‘Take a sabbatical,’ McLaren Team Principal Ron Dennis had told two-time champion Mika Hakkinen, after the Finn had announced in 2001 that he planned to retire. ‘You can come back whenever you want.’ In 2006, Hakkinen appeared to be seriously considering the idea. After failed negotiations to return to front-line driving with Williams and BAR a few years before, McLaren invited Hakkinen to test for them at Barcelona in November of 2006. An electronics problem saw Hakkinen finish slowest of the 18 runners, while the Finn’s frustration at the team’s inability to fix the issue was a timely reminder that F1 wasn’t all champagne and trophies. He decided to stay retired.

    What happened next? Hakkinen returned to the DTM series he’d signed up for in 2005 with Mercedes, staying on until 2007.

    Robert Kubica – Renault, Williams

    No one would have blamed Robert Kubica for not trying to come back to Formula 1 – or any motorsport – given the extent of the injuries he suffered during a rally crash in 2011. Despite that, after using the World Rally Championship as rehab – he was crowned WRC2 champion in 2013 – 2017 saw Kubica given the opportunity to test F1 machinery by Renault. In June, he drove a 2012-spec Lotus E20 at Valencia, before being handed the current-spec Renault R.S.17 for the official mid-season test at the Hungaroring. There, Kubica lapped within one and a half seconds of Sebastian Vettel’s Ferrari, ending his day’s running with the fourth-fastest time – a feat which saw him receive a spontaneous round of applause as he entered his post-session media interviews.

    What happened next? Although Renault ultimately passed on using Kubica’s services, the Pole was picked up by Williams, driving in several tests for the team before it was announced that he would make a racing comeback with the squad for 2019, alongside George Russell.

    Kubica.JPG

    Niki Lauda – McLaren

    Having dramatically packed in F1 midway through the 1979 season, by 1981, Niki Lauda was restless and looking to get back into an F1 cockpit. He was given the chance to do so by Ron Dennis, who’d engineered Lauda to his 1979 BMW M1 Procar title and was now running McLaren. Invited to drive McLaren’s carbon fibre MP4 at Donington, the test was so secretive that even Lauda’s wife didn’t know about it (she apparently called him ‘a stupid bastard’ when she found out). After convincing himself that he still had the speed, and commissioning his health guru Willi Dungl to help him get back the stamina, Lauda returned to full-time F1 racing for 1982.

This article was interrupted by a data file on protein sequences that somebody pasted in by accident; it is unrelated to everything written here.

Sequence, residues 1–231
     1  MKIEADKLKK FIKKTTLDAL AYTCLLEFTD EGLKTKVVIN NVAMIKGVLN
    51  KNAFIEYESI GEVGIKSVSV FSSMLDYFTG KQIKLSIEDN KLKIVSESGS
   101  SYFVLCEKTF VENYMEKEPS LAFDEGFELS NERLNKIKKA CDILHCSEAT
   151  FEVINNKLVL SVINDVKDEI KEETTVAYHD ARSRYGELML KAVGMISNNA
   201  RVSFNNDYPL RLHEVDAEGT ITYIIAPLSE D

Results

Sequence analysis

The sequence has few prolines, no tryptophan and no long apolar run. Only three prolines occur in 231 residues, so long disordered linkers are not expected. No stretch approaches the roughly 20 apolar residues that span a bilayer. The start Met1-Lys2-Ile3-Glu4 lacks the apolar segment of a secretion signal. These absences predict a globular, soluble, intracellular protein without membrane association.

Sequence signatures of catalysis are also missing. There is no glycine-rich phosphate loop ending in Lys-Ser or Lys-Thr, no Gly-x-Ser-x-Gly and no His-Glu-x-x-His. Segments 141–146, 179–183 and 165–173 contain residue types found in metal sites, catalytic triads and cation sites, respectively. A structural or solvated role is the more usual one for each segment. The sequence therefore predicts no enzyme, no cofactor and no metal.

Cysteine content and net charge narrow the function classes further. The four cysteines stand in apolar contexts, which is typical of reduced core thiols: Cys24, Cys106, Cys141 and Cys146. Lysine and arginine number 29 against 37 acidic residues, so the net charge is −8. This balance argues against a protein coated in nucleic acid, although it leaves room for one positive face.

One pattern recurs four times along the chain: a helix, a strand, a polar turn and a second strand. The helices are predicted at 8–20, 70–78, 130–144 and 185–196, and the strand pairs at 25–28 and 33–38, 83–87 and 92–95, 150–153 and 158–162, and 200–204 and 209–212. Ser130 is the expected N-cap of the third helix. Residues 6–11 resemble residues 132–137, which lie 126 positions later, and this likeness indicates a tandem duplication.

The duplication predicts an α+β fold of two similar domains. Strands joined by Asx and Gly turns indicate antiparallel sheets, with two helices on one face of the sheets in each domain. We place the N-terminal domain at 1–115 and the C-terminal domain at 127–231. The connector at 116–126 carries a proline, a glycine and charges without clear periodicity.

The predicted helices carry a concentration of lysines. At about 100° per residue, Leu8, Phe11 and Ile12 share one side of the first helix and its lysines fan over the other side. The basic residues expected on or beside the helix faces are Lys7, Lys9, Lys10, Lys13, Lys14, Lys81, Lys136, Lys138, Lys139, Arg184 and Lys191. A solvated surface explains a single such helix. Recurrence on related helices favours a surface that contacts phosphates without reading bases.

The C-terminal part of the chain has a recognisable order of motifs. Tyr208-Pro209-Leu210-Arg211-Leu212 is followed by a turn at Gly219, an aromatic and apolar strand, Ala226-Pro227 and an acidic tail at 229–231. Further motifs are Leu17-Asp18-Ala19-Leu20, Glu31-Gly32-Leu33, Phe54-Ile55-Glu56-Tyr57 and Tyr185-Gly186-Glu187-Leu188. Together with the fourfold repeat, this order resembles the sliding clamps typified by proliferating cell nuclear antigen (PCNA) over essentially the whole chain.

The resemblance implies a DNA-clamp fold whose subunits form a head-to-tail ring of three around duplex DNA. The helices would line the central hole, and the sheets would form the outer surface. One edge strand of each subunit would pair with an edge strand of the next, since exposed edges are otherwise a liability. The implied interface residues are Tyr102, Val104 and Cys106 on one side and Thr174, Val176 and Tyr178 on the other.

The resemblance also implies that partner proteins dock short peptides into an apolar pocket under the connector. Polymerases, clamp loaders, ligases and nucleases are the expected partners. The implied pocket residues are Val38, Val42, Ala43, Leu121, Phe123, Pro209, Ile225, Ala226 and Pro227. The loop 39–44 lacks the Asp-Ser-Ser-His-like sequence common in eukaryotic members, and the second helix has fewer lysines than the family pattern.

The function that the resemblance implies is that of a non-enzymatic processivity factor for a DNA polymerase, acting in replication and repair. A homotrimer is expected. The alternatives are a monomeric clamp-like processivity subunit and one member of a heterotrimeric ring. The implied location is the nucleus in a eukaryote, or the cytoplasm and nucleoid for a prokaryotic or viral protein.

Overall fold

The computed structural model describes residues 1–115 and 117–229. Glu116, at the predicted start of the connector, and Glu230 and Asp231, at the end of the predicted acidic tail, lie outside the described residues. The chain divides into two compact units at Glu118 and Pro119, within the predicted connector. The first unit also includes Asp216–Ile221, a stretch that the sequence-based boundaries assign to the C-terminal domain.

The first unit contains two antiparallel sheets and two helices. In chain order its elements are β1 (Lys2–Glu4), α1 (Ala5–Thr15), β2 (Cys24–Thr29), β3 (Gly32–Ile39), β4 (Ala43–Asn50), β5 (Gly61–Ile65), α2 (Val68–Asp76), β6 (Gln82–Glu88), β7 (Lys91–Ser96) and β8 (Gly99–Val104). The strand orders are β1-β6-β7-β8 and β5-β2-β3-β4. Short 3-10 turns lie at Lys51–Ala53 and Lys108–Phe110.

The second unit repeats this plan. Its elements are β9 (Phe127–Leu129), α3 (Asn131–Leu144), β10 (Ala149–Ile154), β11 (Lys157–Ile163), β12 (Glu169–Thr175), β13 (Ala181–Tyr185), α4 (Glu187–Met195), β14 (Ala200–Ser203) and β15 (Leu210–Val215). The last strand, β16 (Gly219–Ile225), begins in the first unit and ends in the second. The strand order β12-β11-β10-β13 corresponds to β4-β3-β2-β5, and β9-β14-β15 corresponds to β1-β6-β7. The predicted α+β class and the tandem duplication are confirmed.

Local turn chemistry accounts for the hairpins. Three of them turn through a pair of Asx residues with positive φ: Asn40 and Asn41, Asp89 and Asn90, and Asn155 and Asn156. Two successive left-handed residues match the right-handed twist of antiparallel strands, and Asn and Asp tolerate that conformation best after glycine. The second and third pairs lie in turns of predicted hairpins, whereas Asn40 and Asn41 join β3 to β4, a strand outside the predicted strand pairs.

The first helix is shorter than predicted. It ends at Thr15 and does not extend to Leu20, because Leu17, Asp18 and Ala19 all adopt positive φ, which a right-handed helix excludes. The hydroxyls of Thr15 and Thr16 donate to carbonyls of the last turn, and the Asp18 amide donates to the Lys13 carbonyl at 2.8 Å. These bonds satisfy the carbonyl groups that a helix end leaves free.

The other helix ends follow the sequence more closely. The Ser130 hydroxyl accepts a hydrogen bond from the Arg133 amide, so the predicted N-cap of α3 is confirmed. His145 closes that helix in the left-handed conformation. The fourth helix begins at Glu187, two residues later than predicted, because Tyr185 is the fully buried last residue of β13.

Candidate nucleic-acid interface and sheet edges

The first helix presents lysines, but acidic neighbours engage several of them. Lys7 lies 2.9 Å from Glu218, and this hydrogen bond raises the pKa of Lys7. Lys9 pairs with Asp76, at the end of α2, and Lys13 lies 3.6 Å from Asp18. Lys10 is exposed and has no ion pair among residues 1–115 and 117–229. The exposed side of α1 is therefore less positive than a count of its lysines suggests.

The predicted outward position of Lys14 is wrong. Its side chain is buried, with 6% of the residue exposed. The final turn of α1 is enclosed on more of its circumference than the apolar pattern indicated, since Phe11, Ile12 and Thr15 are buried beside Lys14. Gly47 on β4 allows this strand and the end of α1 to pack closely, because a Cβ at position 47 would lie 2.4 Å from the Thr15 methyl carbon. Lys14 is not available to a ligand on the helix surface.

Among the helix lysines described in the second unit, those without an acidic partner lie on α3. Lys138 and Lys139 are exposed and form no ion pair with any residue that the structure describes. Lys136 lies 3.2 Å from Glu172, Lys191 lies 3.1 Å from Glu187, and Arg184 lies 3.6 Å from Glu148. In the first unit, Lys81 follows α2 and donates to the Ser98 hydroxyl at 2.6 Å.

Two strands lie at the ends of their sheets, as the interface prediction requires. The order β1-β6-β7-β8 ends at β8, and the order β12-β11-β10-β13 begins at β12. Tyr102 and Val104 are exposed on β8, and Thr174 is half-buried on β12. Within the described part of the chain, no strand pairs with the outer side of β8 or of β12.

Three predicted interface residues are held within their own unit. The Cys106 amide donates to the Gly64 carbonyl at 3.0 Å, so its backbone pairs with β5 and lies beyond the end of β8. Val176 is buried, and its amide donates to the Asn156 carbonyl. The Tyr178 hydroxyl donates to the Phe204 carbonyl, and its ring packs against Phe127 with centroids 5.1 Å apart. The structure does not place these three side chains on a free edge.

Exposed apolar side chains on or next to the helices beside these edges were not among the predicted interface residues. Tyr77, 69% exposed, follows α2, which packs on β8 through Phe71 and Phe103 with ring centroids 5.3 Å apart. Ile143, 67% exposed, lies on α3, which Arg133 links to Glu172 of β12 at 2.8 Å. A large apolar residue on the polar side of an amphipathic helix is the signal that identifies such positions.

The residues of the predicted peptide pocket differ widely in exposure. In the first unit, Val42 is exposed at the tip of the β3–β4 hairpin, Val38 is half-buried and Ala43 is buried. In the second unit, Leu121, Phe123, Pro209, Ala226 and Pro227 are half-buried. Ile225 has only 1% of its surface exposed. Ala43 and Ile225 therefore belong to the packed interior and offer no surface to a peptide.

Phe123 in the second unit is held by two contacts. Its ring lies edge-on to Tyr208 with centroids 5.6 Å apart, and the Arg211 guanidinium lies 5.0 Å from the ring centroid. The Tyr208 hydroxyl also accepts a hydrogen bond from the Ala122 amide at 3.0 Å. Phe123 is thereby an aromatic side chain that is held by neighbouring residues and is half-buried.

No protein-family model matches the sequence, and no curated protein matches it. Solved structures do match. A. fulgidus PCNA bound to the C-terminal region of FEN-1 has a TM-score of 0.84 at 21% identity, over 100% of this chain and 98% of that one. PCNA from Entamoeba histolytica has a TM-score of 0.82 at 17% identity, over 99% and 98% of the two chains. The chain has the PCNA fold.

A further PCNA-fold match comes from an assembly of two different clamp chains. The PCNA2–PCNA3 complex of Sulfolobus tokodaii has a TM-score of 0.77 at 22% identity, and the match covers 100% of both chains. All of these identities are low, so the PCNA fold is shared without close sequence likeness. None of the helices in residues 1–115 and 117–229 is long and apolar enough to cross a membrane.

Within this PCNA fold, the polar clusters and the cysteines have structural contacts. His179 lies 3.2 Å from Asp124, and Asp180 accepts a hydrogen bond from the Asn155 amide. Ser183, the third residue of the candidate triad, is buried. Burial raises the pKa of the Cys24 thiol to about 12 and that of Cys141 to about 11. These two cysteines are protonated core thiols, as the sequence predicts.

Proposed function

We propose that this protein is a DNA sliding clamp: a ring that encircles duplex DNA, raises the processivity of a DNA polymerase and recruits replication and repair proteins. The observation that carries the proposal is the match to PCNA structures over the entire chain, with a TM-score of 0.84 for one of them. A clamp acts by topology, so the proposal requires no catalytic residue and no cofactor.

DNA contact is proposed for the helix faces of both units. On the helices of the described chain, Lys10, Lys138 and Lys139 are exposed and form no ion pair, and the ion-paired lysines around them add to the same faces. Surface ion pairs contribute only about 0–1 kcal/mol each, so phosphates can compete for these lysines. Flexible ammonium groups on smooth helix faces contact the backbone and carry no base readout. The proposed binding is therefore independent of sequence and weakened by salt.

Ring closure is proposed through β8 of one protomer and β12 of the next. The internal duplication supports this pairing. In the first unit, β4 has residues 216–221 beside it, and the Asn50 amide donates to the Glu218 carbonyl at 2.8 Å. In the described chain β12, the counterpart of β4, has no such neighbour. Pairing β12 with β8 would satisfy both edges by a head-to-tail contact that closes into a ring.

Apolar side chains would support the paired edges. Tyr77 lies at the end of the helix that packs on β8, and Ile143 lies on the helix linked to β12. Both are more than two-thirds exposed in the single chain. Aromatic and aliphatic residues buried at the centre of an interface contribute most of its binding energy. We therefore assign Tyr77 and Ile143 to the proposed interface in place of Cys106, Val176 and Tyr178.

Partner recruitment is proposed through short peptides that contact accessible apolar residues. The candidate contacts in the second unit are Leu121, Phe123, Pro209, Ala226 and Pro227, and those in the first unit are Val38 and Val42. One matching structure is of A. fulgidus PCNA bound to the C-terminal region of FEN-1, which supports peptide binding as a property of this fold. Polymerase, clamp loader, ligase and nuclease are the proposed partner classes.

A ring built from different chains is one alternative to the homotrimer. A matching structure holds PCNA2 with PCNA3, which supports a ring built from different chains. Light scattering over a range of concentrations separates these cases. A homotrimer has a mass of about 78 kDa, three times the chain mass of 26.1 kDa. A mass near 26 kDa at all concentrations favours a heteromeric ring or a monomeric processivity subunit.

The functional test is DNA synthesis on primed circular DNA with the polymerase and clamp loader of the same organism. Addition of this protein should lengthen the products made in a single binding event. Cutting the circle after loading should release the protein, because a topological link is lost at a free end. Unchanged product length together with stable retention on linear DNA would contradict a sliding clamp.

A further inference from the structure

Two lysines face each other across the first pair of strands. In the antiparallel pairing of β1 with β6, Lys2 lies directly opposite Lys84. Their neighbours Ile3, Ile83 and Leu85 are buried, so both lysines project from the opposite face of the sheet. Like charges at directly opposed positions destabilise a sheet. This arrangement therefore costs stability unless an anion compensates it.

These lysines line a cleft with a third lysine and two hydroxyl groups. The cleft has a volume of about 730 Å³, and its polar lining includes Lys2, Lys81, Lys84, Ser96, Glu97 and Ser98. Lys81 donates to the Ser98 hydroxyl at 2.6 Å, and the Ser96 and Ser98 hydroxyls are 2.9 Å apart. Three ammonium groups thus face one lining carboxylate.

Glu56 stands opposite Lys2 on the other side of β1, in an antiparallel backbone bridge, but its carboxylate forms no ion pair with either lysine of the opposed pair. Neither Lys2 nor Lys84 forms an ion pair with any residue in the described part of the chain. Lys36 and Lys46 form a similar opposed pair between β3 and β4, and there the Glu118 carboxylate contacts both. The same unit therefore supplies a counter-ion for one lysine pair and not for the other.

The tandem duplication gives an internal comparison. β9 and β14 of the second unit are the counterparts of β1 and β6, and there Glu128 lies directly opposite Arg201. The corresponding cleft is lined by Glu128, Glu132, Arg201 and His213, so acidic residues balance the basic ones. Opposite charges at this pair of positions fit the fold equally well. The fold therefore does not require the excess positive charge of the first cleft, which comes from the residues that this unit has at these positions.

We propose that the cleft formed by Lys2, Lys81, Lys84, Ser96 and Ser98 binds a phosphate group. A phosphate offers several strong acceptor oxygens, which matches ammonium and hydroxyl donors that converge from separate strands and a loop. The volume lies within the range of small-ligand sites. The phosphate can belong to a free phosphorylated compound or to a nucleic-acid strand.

What happened next? A wary Ron Dennis put Lauda on a performance-related contract that would have given McLaren the right to fire the Austrian had things gone awry. He needn’t have worried, with Lauda winning his third race back in Long Beach, before going on to claim his third world title in 1984.

    Niki Lauda.jpg

    James Hunt – Williams

    After abruptly quitting F1 in 1979, by 1989, James Hunt was on his uppers financially – and, if some are to be believed, was seriously toying with the idea of staging an F1 comeback. Hunt was given a chance by Williams to test their FW12C at the Circuit Paul Ricard in France that year, along with a handful of other drivers-turned-TV pundits. Despite being a few seconds off the pace, Hunt’s biographer Gerald Donaldson claims that he still felt up to the task of racing, reportedly writing to his old friend John Hogan at Phillip Morris to see if Marlboro might want to sponsor his return. Hogan, apparently, replied in the negative…

    What happened next? Debate still rages about whether or not Hunt was seriously thinking of coming back to F1 (another of his biographers, Maurice Hamilton, insists the test was just for fun. But even if Marlboro wouldn’t play ball with sponsoring Hunt’s return to racing, the 1976 champion continued his work mentoring young drivers backed by the tobacco company – including Mika Hakkinen, Eddie Irvine and Allan McNish – a job Hogan had given him after seeking out Hunt’s advice on whether or not to give Niki Lauda the McLaren seat for 1982 (see above!).

    1989 Formula 1 World Championship.